2013 has been a disappointing year for hip hop – one that promised so much, but has failed to deliver. There have been some quality albums from commercial rappers, but classics? Arguably the only genuine contender for that lofty title thus far has been “Yeezus” by Kanye West, and even that album has continued to prove extremely divisive. Thus, the “Album of the Year” spot on has opened up far too easily for Pusha T, finally delivering his solo debut “My Name Is My Name” to the masses. Once you’ve heard it a few times, the similarities to former joints from the Clipse ring true, but with added trademarks of a modern day Kanye/G.O.O.D Music venture. Almost unilaterally, it works – as well it should on a concise twelve track, forty-six minute album.
As with “Yeezus”, it certainly takes a while to sink in, though. You’d be forgiven for being a touch disappointed after the initial couple of spins, as there is a notable absence of those Neptunes club bangers (like “Grindin'” and “Mr Me Too”); the middle core of MNIMN also loses a bit of steam (tracks four to eight are practically shuffled without thought, it seems). For someone who likes it “purer” and habitually delivers albums and mixtapes with near-bulletproof sequencing, Pusha T has dropped the ball here. It’s probably the biggest downside on display, as each song (apart from, perhaps, “No Regrets”) is an eight or higher – so although the consistency is there, it’s somewhat sabotaged by the middle order.
But if that’s the only actual problem – it’s something that can be sorted out with an iTunes playlist in thirty seconds – then it’s a good sign, as otherwise Pusha T has certainly gifted us with a strong set of brilliant and varied hip hop songs. The word “songs” is important, as (like Big Boi) he can actually write one from start to finish, with the craft and subtlety of a screenwriter placing you instantly within the scene. That deadened delivered is occasionally punctuated by an endearing “Woooh! Ric Flair, nigga!” and Pusha always knew how to communicate his message effectively. He’s 36 now, and has remained remarkably consistent over the last dozen years plus, and the two immediate standouts – “Numbers on the Boards” and “Nosetalgia” – are unimpeachable classics. The way in which the instrumentals, samples, lyrics and delivery come together are masterclass displays; Kendrick Lamar again donates a fantastic verse on the latter. Alongside his brother, the Clipse always knew how to craft a clever track centred around the ladies (“Ma, I Don’t Love Her” and “Dirty Money” were both highlights) and the bizarre “Let Me Love You” featuring Kelly Rowland doesn’t disappoint. That creeping beat coupled with Rowland’s chorus takes some time to blossom, but Pusha does an uncanny Ma$e impression in the second and third verses, interpolating “What You Want” (a song that still kills today). It’s a bit of a WTF moment, providing a near meme-level of humour and brilliance. It also proves to be one of the best numbers on MNIMN.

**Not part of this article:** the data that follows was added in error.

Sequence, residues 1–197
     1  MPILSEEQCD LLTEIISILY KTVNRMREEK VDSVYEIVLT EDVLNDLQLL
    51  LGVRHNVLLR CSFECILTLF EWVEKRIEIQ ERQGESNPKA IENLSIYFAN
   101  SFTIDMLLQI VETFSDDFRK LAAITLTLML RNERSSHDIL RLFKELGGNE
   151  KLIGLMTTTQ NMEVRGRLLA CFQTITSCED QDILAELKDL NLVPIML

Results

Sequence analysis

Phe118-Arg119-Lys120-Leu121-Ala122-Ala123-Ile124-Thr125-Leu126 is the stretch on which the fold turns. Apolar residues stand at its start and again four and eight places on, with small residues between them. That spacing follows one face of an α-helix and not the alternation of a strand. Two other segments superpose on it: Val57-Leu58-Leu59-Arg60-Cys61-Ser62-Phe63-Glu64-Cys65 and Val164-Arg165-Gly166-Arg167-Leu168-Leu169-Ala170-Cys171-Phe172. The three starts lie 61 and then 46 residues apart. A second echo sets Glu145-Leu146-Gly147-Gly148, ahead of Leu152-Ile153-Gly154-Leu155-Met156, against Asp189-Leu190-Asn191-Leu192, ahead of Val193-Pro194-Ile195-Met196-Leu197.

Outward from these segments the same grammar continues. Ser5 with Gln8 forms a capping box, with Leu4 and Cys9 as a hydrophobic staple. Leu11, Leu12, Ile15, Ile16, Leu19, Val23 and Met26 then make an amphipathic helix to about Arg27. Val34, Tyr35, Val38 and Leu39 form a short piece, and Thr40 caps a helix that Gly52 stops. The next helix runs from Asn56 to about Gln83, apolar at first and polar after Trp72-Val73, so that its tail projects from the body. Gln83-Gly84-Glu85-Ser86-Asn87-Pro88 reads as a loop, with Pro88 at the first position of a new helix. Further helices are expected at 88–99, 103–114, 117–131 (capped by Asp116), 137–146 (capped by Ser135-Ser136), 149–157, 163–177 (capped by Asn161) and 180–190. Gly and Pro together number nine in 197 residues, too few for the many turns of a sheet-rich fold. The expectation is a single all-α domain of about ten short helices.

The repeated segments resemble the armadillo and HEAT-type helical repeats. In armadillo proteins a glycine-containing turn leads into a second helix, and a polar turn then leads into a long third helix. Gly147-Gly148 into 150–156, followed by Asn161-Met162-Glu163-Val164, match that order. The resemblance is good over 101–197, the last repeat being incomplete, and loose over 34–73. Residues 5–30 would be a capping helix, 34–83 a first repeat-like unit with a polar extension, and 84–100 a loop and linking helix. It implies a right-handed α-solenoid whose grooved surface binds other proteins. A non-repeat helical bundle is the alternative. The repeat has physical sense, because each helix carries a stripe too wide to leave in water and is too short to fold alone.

Other more traditional bangers include the moody introduction of “King Push” (apparently NOT produced by Joaquin Phoenix, though), the thunderous hammer blow of “Pain”, the raucous label posse cut “Who I Am” (which just about works with 2 Chainz and Big Sean) and the traditionally thoughtful Neptunes album closer coming in the form of “S.N.I.T.C.H.”. As previously mentioned, however, it’s that middle core that poses a few problems. The momentum after “Sweet Serenade” needed to be continued, but is somewhat sapped by “Hold On” (we will return to that in a moment), pepped back up by the funky “Suicide” and entirely deflated by “40 Acres” (a fine but misplaced song; surely the pace and specific line “I’d rather die than go home” leading into “Sorry nigga, I’m trying to come home” would have made it the perfect choice for the penultimate track). Follow that up with possibly the only genuinely average song on the album – “No Regrets” featuring Jeezy – and it’s a quartet of songs that doesn’t mesh well, especially at that point in the forty-six minute set. The other blindingly obvious moment that needs to be put under the microscope is at the start of “Hold On”, which opens with the lines “I sold more dope than I sold records, You niggas sold records, never sold dope!” Fair enough. Then RICK ROSS shows up. For Pusha to spend numerous bars lambasting studio gangsters and record booth drug lords, and then invite the worst perpetrator of all along for the ride makes very little sense. It’s still a good song on a basic level, but the entire premise is undermined from the off.
Pusha T has been hyping this up as “Album of the Year” and with each subsequent major label effort to not quite connect, he’s become more vocal. It’s a tough one to call right now, but there are very few other competitors left (perhaps Eminem?). Considering he’s had three years to craft it, one can’t help but feel a slight tinge of disappointment – it would have been perfect to receive an opus at the level of “Hell Hath No Fury”. In the end, however, this is certainly a fine album, pretty much throughout – “My Name Is My Name” is worth your time, attention and money. Is it a classic? No. The commercial hip hop scene is lucky to get one a year right now – the underground is far more vibrant, exciting and daring. But if this is what Pusha T is offering – that raw shit with just a few concessions – we’ll still take it and enjoy the hit.